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Advertising and Marketing

Switch up your subject lines to improve your email open rates!

By: Ginger on April 28, 2023

Our Hidden Gems guest author for today.

By: Ginger on April 28, 2023


Most self-published authors know the value of building a mailing list of fans that you can use for a variety of purposes, from finding reviewers to selling copies of your latest book. But in order to get those benefits, you first have to convince your subscribers to open the emails, which is not as easy as it sounds. Many consider just 20% to be a “good” open rate, and even that can be a struggle for some.

There are a variety of factors that play into your open rate, but one of the most important is whether or not you’ve crafted a compelling subject line. Whether your subscribers click or not is often determined solely by that one line, which means it needs to be tough to ignore. As Ginger explains below, there are a variety of ways you can do this – from including one of the 15 most powerful words in advertising, to changing the focus of the subject to be about your reader instead of yourself.

By experimenting with different ideas, you may find that just a few small changes can result in big improvements to your own open rates, which can in turn lead to more website visits, sales, and success.

I believe that anybody has the potential to be a successful self-published author. You just need to learn the craft of writing and then follow the process for successful self-publishing. If you have a book that people actually want to buy, there’s a tried-and-tested formula for actually getting them to do so.

One of the most essential elements of this process is creating and developing a Subscriber List. These are readers who provide you with their email address, in return for getting emails from you when you release new books. Building a subscriber list is one of the most powerful ways you can elevate your writing from a hobby into a full-time career.

However, a lot of self-published authors find managing their subscriber list to be tricky. There are questions about how often to reach out to readers, what the emails you send should be about, and how you can leverage this audience effectively (without driving them all into hitting the Unsubscribe button.)

You could write a book about managing a subscriber list effectively. In fact, several already exist! But one of the most actionable ways you can squeeze more value out of your subscribers is by sending them emails that they actually open.

Because for many of us, that’s the biggest problem. We might have subscriber lists that number in the thousands (and we pay Mailchimp or Mailerlite for all of them!) But when we send out emails, sometimes our open rates are less than impressive.

According to, a good open rate for an email hovers around 21.5% – which means, if you send your email out to 1,000 registered subscribers, you’re hoping about 215 of them would bother opening your email. But what happens if your emails regularly fall short of that? And even if they don’t, can you squeeze more opens from your audience?

The simple answer is: yes. Improving the open rates for your emails is actually one of the more actionable steps you can take when it comes to subscriber management, since the decision to open your email or not often rests on just one thing: The subject line.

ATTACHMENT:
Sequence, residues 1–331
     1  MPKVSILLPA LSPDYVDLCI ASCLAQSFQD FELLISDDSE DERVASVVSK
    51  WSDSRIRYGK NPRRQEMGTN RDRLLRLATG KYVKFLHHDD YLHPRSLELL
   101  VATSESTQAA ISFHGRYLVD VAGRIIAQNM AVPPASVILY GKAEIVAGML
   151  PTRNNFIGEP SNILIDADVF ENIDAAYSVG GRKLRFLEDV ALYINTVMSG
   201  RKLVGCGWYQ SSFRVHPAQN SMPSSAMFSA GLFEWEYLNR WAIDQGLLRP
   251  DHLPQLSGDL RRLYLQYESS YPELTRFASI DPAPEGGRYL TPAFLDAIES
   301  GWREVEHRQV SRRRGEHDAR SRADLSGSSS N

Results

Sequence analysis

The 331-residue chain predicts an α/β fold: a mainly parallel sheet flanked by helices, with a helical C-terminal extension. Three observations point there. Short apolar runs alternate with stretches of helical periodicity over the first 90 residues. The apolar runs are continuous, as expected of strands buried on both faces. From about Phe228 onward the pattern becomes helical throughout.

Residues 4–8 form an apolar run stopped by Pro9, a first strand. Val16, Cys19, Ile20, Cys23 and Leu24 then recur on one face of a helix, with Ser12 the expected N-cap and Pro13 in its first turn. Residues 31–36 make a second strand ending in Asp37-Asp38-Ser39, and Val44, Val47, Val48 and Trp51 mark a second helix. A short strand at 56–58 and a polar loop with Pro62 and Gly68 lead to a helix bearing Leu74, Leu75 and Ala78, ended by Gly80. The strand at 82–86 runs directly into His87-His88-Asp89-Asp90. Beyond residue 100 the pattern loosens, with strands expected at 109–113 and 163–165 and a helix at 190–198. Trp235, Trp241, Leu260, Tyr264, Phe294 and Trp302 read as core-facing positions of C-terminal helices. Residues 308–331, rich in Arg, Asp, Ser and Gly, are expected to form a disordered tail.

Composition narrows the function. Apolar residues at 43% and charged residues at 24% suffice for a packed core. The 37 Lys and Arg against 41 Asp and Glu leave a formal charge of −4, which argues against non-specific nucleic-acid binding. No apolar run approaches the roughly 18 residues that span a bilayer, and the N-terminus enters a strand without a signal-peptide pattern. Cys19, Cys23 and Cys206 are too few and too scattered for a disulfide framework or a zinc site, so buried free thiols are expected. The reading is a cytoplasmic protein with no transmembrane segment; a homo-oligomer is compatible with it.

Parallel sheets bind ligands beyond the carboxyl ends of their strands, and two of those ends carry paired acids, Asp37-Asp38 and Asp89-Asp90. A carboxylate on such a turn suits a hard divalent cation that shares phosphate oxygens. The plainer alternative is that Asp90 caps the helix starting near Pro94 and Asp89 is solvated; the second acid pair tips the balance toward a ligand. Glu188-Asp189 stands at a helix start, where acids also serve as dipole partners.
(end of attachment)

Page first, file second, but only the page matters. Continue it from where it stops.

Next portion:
Get your subject line right and you can change everything.

Why are subject lines so important?

When your latest email hits the inbox of your subscribers, they’re only going to see two bits of information upfront (assuming your email hasn’t landed in the Promotions tab, or Spam!)

Your name, and your subject line.

Your name obviously carries some significance, and this is determined by your relationship with each individual reader. If they’ve just signed up to your list and devoured several of your books, it’s more likely they’ll open and read your email. If you’ve not spoken to them for a while, or if your previous emails have left them uninspired, they might decide to scroll straight past or just hit delete immediately.

There’s not much influence you can have on that decision in the short term.

But the second piece of information they’ll see is your subject line, and that’s where you can grab them.

A compelling subject line can make an engaged reader even more likely to open your email, or convince a jaded one to give this email a chance even after blowing off your previous ones. It’s the single point of contact that can have the biggest impact on the effectiveness of your emails – and there are statistics to prove it. ran a study in which they compared the performance of two different subject lines and discovered that even a minor tweak can see a 17.9% increase in open rates based on the subject line alone, and that led to a 26.5% increase in the number of visits to the website linked to in that email. That means 1-in-4 more people clicking on the links to your books. Even with a small subscriber list, that’s the kind of percentage you don’t want to ignore.

But what makes a good subject line? And how can you come up with them for your own emails?

Anatomy of a good subject line

So, what is a subject line? In short, it’s a single line summary of what the email you’ve sent is going to be about. However in marketing terms, the subject line is a lot more than that. It’s an invitation for your subscriber to open and read your email – so you want to make it a good one!

The first thing you need to do is put yourself into the position of your readers.